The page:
I said farewell to Darren and was led over to Joan, one of the ladies checking in clients, and we talked a little bit about why I needed the Food Bank’s services. She asked for a couple pieces of I.D. and explained the rules of eating from the Food Bank and how to access referral services through the Food Bank. From there I was shown to my cart of food that was already waiting for me (because I am writing an article for the Calgary Herald and had a photographer present I had to come outside client hours and the volunteers had already taken care of putting everything together for me.)
From there Brooke, myself and the photographer disassembled the entire grocery cart, laying the food out on the table so we could grab a few photos. Excited at the sheer amount of food, I dug into each bag, excited to see what I could find. I quickly realized that I will never be able to eat that much food in the course of seven days and will certainly have some left over, but finding balanced meals within the contents is going to be more than challenging. Before I elaborate, let me do a thorough breakdown of what my hamper contained:
2 boxes of bran cereal, 1 stir fry kit (noodles and sauce), 1 box of macaroni and cheese, 6 eggs, 1 container of oyster mushrooms, 4 containers of regular mushrooms, 1 bag of spinach, 3 oranges, 5 apples, 1 bag of baby carrots, 1 caesar salad kit, 4 small packages of slivered almonds, 1 cup of margarine, 2 packages of hotdogs, 2 cans of tomato soup, 1 large bag of fusili pasta, 2 heads of iceberg lettuce, 1 large can of tomato sauce, 2 litres of 2 per cent milk, 1 large jar of sweet pickles, 1 individual bottle of iced tea, 1 can of curry soup, 1 can of beans in tomato sauce, 1 can of diced tomatoes, 1 can of tuna, 1 can of chicken, 6 meal replacement drinks, 1 roll of toilet paper, 1 package of wet wipes, 2 cans of diet soda, 4 boxes of assorted cookies, 1 box of pancake mix, 1 bag of loose orange pekoe tea, 24 hot dog buns, 1 loaf of whole wheat bread, 8 pudding snacks, 1 bottle bbq sauce, 1 large bottle of cranberry juice, 1 chocolate cake mix (no icing), 1 package of microwave popcorn, 3 individual packages of instant oatmeal, 2 chocolate bars, A bag of assorted hard candy and chocolates, 12 plantains, 1 large bag of potatoes, 2 granola bars, 4 dried fruit snacks.
So, there you have it. Some obvious meals stand out to me – I’ll definitely make a large batch of tomato and mushroom sauce to eat over the pasta. Soup will be good for a couple lunch meals. I’ll relive my college years by snacking on some mac and cheese. I love beans on toast, and while I’m not crazy about hotdogs I’m just glad I’m not faced with eating canned ham for the week. I wasn’t expecting nearly the amount to fruits and veggies I received, even if they are a bit random and none of them go toward making whole meal. As for the plantains – well, I’ll figure out what to do with them. I’m sure they’re delicious if prepared well.
As for all the cookies and candy – it’s not something I’d usually buy for myself (ok, ok, I buy ingredients to make cookies on a weekly basis…now I’ll just have more time for blogging instead of baking) but I’m certain I can make room in my diet for them. It’s only for a week, right?
In no way does my hamper resemble my weekly food purchases, but I was expecting a lot worse as well as a lot less.
So here I sit on the eve of my “A Week in Their Kitchen” experience, and what I’m about to embark on is just starting to sink in. For the past week I’ve been vacationing in the Boston, eating everything I could get my hands on and catching up with my best childhood friend who is currently studying there. I agreed to participate in “A Week in Their Kitchen” only a few days before leaving for the U.S. and between getting ready to go and enjoying my time away I’ve had little time to consider the week ahead. But now it’s back to the reality of my life as well as trying out a new reality – the reality of having to rely on a not-for-profit organization for my food – one that thousands of Calgarians must face each day.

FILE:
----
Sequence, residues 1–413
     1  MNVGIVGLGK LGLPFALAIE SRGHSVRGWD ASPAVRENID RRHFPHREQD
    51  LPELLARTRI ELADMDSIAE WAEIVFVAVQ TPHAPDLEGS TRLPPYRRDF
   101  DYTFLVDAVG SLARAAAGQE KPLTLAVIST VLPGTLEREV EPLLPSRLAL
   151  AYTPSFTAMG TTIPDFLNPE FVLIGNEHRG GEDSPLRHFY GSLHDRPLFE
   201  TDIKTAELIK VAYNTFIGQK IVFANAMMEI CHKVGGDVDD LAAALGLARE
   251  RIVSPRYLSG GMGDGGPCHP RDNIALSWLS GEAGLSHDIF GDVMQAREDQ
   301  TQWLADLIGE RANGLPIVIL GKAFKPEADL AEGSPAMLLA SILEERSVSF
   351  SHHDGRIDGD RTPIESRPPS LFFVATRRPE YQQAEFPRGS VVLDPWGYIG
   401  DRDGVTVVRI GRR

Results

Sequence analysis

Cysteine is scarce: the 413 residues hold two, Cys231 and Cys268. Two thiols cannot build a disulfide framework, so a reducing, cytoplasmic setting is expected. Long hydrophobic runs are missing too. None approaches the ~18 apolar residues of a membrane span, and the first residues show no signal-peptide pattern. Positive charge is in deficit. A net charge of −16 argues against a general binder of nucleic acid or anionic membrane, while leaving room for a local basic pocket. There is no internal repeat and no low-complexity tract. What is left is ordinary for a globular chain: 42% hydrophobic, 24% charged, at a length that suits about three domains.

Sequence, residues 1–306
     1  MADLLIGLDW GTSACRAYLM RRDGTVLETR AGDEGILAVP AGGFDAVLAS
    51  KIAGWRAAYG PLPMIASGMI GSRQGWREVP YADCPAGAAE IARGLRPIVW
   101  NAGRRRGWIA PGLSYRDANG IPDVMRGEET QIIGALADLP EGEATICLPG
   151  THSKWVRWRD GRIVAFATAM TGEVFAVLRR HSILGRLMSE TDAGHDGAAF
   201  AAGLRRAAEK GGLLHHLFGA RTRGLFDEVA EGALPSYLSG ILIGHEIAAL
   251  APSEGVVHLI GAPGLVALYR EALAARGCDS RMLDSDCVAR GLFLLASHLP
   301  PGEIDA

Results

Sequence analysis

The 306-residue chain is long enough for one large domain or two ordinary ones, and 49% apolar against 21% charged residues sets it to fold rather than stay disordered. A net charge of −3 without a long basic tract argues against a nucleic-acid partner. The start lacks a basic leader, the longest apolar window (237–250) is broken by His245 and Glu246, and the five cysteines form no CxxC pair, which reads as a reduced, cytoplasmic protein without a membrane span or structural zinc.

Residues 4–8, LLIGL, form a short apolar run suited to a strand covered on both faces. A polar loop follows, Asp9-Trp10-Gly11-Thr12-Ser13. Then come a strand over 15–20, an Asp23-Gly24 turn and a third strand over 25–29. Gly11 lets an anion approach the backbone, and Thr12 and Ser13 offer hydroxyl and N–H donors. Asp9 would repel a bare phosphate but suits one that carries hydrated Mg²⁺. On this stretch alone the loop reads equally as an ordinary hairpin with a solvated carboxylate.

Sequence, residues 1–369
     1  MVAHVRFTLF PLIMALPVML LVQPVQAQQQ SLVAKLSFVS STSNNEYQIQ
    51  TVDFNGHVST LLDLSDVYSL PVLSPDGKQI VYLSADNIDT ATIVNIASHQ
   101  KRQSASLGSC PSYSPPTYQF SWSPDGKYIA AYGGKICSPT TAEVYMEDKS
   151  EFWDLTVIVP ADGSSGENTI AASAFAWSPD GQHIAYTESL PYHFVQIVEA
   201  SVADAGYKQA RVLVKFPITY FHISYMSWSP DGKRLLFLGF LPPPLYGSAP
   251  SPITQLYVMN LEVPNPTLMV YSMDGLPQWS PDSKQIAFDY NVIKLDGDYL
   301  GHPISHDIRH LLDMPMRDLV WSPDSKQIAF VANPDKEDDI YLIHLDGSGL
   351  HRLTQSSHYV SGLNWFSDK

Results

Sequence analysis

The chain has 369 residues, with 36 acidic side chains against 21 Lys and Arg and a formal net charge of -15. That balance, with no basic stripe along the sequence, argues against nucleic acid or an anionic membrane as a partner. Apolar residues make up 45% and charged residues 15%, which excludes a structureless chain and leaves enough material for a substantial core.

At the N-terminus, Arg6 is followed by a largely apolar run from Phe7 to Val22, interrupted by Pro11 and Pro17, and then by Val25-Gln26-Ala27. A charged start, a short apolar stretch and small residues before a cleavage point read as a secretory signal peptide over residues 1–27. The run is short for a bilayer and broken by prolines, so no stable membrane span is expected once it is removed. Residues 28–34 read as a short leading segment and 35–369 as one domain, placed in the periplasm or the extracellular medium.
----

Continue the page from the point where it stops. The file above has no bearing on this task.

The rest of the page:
In addition to blogging here, I will be writing about my experience for the Calgary Herald. My day job is as a online journalist for the Calgary Herald, and I will hopefully bring awareness to Husky Help the Hungry week by writing both an article for the Life section (in print on Wednesday) as well as on the “Calgary Cooks” blog. The Herald already has amazing fundraising efforts in place for many not-for-profit organizations in the Calgary area through annual events like the Calgary Herald Christmas Fund and the Calgary Book Drive and Sale, and hopefully my experiences will add to those efforts. If you are of the Twitter persuasion, you can also catch me tweeting about the experience. I’m looking forward to sharing my experience with as many Calgarians as I can reach, and hope that I can raise awareness of the work of the Food Bank as well as put into context some of the challenges those eating from the Food Bank might face.
Right now I’m feeling a little bit nervous. I’m nervous about tomorrow (Monday), the day when I go to the Calgary Food Bank to pick up my emergency hamper and find out what I’ll be eating for the next week. I expect there will be a lot of basic, non-perishable foods like pasta, rice and canned food, but beyond that I have no idea. I’m what you would consider a grazer – I like to eat little snacks throughout the day, much of it being fresh fruit and veggies. About once a week I will make a casserole, soup or stew so I can bring at least one hot meal to work everyday. I usually spend about $50-$60 a week on food from the grocery store, maybe a little more if I go out to eat with friends or order-in lunch on the weekend with co-workers. I don’t expect to have much fresh food in my hamper, but I consider myself to be a resourceful cook and am armed with the Internet and a bulk-food cookbook to help me come up with recipe ideas. My main concern, health-wise, is not having enough energy to keep me going through work, workouts and a post-vacation errands that need doing. I’m hypoglycemic, but nothing a little starchy food won’t fix, so I should be fine if my hamper contains the levels of carbs I’m expecting.
As far as other people’s reactions to my week ahead, most have been very supportive. Although I’m sure my boyfriend is disappointed he won’t be invited over for a home-cooked meal this week, and I’m sure I won’t be making batches of cookies for my roommates (yes, I’m the best roommate ever), they’ll be cheering me on and holding me to the contents of the hamper. I’ll also have to avoid the treats that are constantly moving throught the newsroom, not an easy feat considering a true journalist will NEVER EVER pass up on free newsroom food.
There have been a few people I’ve spoken with who have the idea that the Food Bank is only for homeless people. Although I have never had to eat from the Calgary Food Bank, nor has anyone I know (as far as I know), I realize that people from all walks of life could easily be put in a position where ends just don’t meet and might need a hand feeding themselves and their families, whether it be for a week or longer. When I was younger and living in Halifax my Mom and I used to lend our hands on Sunday afternoons to help feed those who needed a warm meal, and often they were students, young professionals or families – not just those without a place to live.
I’m sure the week will be challenging and I’m excited to share with with my fellow bloggers, the Food Bank and everyone reading.